“Both HTTP Boot and Redfish are very new standards. HTTP Boot got standardized as part of UEFI 2.5 in March. Redfish is still not even 1.0 (last published spec is 0.96.0a, with a target 1.0 spec sometime this month according to DMTF). It is expected that implementation will take some time to catch up to the spec. At the same time, PXE and IPMI have been there for quite some time, are implemented across the board on servers (and many clients), and are already in wide use. I do not expect them to go away anytime soon. But the goal is to switch over to HTTP and Redfish/REST over time, especially as they enable new use cases and capabilities that were not possible (or easy to do) before. The first step though is to get the specs implemented. As Ting explained, Intel is working on UEFI 2.5 HTTP Boot implementation (that I expect will show up in EDK2. I see the header files submitted already). DMTF is also working on a Redfish mockup/simulator that can be used to exercise clients. HP ProLiant Gen9 servers already support proprietary flavors of both HTTP Boot (or “Boot from URL”) and Redfish (or the “HP RESTful API”). I do not know of any other servers that implement such technologies at this time.”
So, it sounds like HP is the only vendor that supports UEFI HTTP Boot at the moment, and Intel is working on an implementation. If Intel’s implementation is part of TianoCore, other vendors may use it.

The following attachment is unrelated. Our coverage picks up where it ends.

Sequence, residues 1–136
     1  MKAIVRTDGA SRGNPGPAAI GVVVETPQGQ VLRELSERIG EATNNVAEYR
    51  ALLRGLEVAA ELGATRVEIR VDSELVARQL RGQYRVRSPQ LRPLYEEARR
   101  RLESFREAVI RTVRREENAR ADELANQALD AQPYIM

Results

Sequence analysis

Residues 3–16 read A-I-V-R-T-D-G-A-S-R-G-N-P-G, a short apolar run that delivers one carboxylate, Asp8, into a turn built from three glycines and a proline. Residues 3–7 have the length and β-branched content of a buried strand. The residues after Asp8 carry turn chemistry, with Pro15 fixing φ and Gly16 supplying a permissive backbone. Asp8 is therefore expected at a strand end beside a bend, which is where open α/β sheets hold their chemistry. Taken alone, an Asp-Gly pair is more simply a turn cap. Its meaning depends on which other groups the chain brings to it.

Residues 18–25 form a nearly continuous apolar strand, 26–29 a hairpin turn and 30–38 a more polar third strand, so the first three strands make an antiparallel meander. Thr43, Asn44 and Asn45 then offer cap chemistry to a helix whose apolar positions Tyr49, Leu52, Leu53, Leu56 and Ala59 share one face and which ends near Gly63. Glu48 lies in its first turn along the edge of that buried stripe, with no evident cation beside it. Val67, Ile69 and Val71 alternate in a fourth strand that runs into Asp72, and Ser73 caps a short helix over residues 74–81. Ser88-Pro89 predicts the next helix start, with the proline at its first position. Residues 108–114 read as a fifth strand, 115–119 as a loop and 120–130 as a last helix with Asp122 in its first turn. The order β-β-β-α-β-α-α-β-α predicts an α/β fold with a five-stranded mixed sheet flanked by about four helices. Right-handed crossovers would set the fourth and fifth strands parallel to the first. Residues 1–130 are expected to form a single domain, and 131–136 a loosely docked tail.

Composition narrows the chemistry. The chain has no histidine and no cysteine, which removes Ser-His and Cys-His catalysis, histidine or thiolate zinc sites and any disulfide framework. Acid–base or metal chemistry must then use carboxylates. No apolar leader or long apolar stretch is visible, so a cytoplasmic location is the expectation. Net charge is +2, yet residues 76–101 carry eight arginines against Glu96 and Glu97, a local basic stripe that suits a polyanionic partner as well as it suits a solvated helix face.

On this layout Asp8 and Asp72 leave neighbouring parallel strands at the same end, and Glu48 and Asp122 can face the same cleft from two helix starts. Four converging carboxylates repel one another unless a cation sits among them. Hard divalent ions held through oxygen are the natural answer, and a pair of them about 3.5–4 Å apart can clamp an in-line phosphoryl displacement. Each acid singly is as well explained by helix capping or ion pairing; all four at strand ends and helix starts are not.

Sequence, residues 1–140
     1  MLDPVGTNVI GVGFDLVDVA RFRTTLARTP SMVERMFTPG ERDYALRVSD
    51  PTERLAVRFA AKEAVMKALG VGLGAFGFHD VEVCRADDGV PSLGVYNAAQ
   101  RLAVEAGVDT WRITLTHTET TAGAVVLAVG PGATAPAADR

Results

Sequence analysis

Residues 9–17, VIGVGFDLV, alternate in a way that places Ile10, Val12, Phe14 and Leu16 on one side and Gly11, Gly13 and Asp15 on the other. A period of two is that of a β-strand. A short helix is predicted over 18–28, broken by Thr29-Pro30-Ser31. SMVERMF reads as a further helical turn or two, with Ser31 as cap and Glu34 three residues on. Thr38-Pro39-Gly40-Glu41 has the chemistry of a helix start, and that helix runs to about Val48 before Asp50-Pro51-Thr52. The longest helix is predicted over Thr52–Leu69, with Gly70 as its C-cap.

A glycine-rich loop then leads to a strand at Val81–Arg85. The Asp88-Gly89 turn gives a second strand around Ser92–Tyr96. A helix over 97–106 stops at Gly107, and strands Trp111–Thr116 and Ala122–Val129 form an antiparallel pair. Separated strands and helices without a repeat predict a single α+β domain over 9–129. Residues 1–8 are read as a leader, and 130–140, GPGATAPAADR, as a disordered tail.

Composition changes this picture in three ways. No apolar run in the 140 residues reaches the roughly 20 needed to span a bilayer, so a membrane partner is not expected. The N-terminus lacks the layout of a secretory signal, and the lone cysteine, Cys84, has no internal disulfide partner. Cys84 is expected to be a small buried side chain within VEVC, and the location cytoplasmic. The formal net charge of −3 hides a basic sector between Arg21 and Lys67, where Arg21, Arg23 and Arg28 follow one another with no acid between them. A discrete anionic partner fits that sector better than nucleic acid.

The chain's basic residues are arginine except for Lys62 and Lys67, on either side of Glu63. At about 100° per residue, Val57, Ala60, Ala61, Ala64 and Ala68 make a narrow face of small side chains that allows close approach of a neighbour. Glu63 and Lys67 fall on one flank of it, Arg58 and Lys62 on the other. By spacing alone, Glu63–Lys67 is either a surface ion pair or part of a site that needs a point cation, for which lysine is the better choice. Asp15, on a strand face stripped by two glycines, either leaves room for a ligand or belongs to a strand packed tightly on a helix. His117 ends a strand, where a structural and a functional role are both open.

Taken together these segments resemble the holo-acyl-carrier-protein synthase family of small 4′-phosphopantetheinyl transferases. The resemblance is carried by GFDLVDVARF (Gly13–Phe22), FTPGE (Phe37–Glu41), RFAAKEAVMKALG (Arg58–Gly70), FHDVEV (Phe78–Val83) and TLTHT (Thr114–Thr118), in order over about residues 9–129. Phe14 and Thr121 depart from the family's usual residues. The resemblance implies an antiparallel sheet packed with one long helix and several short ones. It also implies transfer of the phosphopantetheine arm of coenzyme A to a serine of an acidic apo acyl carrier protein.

I’m looking forward to a TianoCore implementation, as well as DMTF’s Redfish simulator.
Thanks to Ye Ting and Samer El-Haj-Mahmoud for the answers!
AMI (American Megatrends, Inc.), one of the original PC BIOS vendors, just joined the OpenPOWER Foundation. AMI’s “MegaRAC SP-X for POWER8” product was launched in support of TYAN’s first non-IBM branded OpenPOWER commercial server, which they’re demoing at COMPUTEX TAIPEI this week. MegaRAC SP-X for POWER8 includes server firmware technology. Excerpts from their PR:
“AMI joins a growing roster of technology organizations working collaboratively to build advanced server, networking, storage and acceleration technology as well as industry-leading open source software aimed at delivering more choice, control and flexibility to developers of next-generation, hyperscale and cloud data centers. The group makes POWER hardware and software available to open development for the first time, as well as making POWER intellectual property licensable to others, greatly expanding the ecosystem of innovators on the platform. AMI has been working with IBM and other OpenPOWER Foundation members like Tyan to develop enterprise server and networking solutions for next-generation data centers that integrate IBM POWER CPUs and AMI MegaRAC(R) Remote Management Firmware / Software Solutions. “